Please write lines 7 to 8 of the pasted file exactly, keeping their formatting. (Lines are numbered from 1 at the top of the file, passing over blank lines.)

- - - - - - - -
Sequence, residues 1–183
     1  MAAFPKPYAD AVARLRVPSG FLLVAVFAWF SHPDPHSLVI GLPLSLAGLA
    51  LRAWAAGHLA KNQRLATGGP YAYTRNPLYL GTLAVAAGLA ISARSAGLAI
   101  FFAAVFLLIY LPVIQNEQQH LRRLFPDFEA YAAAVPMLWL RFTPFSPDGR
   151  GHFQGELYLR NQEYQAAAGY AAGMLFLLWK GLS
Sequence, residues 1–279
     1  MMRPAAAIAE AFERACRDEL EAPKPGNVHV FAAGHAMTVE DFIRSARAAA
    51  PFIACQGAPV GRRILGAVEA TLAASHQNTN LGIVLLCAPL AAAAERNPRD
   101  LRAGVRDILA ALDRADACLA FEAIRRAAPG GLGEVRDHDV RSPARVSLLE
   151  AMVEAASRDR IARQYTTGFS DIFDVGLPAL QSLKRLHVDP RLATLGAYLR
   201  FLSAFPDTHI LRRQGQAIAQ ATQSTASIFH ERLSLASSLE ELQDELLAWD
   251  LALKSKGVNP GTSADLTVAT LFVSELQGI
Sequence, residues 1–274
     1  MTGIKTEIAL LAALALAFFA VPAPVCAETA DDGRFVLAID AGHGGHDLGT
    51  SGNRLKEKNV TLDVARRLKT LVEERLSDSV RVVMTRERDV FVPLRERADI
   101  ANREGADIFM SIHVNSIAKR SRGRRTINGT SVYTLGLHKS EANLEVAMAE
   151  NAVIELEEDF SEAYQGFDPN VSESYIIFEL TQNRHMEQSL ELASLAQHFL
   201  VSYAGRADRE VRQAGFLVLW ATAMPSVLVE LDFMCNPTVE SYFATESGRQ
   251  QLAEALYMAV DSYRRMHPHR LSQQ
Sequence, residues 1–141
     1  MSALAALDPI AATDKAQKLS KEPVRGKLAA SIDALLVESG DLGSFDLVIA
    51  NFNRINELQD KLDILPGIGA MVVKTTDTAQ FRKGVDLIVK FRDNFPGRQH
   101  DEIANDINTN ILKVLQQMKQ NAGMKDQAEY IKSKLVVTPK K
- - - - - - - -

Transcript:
     1  MMRPAAAIAE AFERACRDEL EAPKPGNVHV FAAGHAMTVE DFIRSARAAA
    51  PFIACQGAPV GRRILGAVEA TLAASHQNTN LGIVLLCAPL AAAAERNPRD